In a speech last month, Sen. John McCain said Bradley Smith is unfit to head the Federal Election Commission because his principles prevent him from properly enforcing the nation's campaign laws. At the same time, the Arizona Republican suggested that Smith has no principles.
McCain, who co-authored the Bipartisan Campaign Reform Act of 2002, threw Smith in with the "stooges of special interests" who are determined to undo the senator's handiwork. And even while conceding that Smith has rebuked fellow Republicans for trying to use campaign finance regulations to hamper the Democrats, McCain called his positions "politicized."
McCain is so upset he can't think straight. In particular, he's upset about groups like America Coming Together and Progress for America, ostensibly independent (but by no means neutral) political organizations that are tax-exempt under section 527 of the Internal Revenue Code.
McCain says it's obvious such groups, known as 527s, should be treated as "political committees," which would prevent them from accepting the unregulated contributions his law prohibits the national parties from taking. On Thursday the FEC decided to delay action on the issue, causing McCain's head to explode (I'm assuming).
McCain's outrage about "these groups openly flouting the law" is the latest episode of a futile crusade that restricts speech to prevent "the appearance of corruption." The pattern by now is familiar: New rules lead to new evasions, which in turn lead to new rules.
There's one basic reason Congress and the FEC have been unable to get it right after all these years. It's called the First Amendment.
Not that the Supreme Court hasn't tried to help. In 1976 the Court approved the limits on contributions to political committees imposed by the Federal Election Campaign Act of 1974. While spending money to communicate a message is intimately tied to freedom of speech, the justices reasoned, giving or getting the money is another matter.
Trying to apply this implausible distinction, the Court immediately ran into trouble. To avoid reaching "groups engaged purely in issue discussion," it restricted the definition of "political committee" to "organizations that are under the control of a candidate or the major purpose of which is the nomination or election of a candidate."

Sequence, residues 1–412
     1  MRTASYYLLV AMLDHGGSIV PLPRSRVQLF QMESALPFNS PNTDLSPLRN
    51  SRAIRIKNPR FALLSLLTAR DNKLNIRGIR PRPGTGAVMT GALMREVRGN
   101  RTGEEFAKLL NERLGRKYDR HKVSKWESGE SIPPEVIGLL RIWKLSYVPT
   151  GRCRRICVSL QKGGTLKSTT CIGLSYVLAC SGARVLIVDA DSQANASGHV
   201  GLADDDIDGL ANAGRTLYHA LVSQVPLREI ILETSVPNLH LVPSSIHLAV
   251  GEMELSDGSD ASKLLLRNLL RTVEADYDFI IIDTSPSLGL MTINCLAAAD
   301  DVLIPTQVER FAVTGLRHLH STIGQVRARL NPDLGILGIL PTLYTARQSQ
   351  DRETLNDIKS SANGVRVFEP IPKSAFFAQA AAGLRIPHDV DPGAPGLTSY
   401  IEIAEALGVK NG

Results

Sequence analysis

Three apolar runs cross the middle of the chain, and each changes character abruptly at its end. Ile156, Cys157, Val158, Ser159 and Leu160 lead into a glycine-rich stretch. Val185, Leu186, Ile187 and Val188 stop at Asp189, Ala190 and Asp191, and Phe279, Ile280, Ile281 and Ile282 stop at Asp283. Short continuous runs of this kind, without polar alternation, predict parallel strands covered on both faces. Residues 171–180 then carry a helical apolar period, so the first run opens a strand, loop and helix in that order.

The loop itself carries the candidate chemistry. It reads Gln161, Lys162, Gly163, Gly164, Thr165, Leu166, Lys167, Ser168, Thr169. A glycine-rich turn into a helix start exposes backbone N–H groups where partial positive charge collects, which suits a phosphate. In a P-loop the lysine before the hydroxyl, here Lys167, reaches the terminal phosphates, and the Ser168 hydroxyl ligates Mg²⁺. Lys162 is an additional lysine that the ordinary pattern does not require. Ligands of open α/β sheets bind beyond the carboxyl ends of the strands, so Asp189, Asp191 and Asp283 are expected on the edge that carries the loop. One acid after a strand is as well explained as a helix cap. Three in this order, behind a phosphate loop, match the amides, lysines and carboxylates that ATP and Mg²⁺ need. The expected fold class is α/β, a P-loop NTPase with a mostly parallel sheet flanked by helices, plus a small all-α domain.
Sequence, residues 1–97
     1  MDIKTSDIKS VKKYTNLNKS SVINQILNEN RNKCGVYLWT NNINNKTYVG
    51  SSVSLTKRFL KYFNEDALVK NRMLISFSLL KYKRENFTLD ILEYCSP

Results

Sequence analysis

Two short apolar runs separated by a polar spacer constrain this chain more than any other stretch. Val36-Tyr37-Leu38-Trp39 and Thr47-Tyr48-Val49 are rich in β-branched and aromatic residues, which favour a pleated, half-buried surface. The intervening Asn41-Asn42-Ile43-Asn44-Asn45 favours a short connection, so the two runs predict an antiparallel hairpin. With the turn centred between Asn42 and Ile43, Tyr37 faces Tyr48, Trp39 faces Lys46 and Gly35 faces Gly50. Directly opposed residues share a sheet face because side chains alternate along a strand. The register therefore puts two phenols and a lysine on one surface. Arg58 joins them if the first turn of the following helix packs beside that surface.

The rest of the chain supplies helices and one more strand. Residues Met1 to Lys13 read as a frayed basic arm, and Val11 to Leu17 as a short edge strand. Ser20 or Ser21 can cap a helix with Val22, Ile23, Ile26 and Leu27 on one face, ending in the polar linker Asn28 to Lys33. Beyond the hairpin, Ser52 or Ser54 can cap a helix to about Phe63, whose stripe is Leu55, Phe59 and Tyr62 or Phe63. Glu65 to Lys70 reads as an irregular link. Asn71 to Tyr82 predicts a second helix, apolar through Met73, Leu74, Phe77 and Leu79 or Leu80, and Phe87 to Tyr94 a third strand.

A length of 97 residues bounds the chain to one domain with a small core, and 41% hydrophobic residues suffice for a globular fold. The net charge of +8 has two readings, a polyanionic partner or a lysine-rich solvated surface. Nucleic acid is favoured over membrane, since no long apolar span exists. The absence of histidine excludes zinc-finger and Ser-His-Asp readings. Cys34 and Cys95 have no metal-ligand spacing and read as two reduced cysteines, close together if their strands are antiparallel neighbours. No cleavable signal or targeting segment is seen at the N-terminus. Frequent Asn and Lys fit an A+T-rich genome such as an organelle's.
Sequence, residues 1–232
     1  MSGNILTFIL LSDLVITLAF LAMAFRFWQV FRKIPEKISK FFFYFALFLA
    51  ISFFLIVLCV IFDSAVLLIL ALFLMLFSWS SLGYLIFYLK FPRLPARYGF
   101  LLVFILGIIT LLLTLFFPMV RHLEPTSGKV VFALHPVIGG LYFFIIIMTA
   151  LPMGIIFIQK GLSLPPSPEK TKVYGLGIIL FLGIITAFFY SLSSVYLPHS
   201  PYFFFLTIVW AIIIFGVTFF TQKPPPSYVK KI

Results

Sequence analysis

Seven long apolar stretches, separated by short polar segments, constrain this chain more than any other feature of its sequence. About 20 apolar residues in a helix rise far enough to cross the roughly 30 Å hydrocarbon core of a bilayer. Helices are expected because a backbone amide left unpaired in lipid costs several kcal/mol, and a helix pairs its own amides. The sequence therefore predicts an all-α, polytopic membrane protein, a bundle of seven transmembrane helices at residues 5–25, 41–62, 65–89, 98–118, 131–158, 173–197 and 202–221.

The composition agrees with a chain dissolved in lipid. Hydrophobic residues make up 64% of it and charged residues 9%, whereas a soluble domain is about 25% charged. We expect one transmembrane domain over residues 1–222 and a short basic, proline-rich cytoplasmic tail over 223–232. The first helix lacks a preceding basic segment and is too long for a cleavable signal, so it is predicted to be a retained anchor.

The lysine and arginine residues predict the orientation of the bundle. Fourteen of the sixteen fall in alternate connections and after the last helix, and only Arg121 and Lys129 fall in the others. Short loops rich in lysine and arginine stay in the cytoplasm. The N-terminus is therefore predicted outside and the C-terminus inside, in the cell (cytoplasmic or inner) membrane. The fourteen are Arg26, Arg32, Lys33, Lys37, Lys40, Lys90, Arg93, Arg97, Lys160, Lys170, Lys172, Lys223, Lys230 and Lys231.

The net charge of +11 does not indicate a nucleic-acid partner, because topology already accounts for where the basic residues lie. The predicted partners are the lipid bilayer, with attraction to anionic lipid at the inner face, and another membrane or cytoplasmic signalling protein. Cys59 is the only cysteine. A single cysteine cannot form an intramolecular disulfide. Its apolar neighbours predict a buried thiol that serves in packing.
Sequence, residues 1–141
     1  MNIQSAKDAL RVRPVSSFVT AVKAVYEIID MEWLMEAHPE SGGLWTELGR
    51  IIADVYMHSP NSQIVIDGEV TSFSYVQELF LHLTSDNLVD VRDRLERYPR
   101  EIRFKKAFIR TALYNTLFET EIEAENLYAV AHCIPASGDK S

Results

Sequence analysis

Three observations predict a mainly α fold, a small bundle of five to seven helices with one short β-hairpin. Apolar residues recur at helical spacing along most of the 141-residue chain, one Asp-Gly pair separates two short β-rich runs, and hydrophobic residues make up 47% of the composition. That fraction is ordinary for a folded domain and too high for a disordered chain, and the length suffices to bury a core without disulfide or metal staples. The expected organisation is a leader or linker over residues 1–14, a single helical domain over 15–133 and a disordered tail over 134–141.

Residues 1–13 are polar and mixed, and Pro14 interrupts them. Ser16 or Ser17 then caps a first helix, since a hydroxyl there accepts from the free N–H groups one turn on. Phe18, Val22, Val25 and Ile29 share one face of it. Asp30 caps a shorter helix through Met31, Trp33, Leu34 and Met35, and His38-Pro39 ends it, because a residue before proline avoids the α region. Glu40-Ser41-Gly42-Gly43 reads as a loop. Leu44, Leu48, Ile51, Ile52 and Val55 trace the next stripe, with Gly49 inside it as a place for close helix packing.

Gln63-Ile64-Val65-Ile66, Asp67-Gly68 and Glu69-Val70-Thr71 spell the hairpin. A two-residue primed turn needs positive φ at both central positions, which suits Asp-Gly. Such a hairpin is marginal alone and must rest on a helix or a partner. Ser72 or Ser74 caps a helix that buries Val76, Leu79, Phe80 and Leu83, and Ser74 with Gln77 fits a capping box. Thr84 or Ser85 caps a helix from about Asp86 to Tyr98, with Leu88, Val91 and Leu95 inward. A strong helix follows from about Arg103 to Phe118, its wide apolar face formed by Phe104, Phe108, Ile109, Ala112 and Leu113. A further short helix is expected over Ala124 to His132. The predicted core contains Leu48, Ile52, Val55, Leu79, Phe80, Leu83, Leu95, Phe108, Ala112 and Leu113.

The Court also said political messages should trigger the law's regulations only when they "expressly advocate the election or defeat of a clearly identified candidate." The law itself allowed the use of unregulated money for voter registration and get-out-the-vote efforts.
As interpreted by the FEC, these restrictions on the restrictions led to the "crisis" of "sham issue ads" and "soft money" that provoked McCain and his allies to pass another law. They not only banned soft money but prohibited unions and corporations—including advocacy groups organized as nonprofit corporations—from sponsoring "electioneering communication," defined as TV or radio ads that refer to federal candidates and appear in their states or districts within 60 days of an election.
When it upheld the law last December, the Supreme Court said even this blatant attempt by incumbent politicians to muzzle their critics was justified by the need to prevent circumvention of earlier "reforms." So the FEC asked the next logical question: Should we allow interest groups to freely criticize public officials the rest of the year?
For now McCain is focusing his ire on 527s. But if the FEC ultimately does what he wants and prevents these groups from soaking up the soft money the parties used to get, the nasty stuff might instead flow to 501(c) advocacy groups such as the Sierra Club and the National Rifle Association.
Naturally, these organizations are alarmed at the prospect that they too will be regulated as political committees, which helps explain why the FEC received a record 150,000 comments when it raised the issue. McCain's response is not very reassuring: "There is no immediate campaign finance regulatory problem with the 501(c) groups."
And what about all the other "loopholes"? If a wealthy man like George Soros should be prevented from giving as much as he wants to a group that sponsors ads critical of the Bush administration, why should he be allowed to spend his money on such ads directly? Given the danger that interest groups might buy or establish their own media outlets (as the NRA is considering), is it safe to exempt journalists from the government's speech restrictions?
Uh, forget what I said about John McCain. He's a helluva guy.
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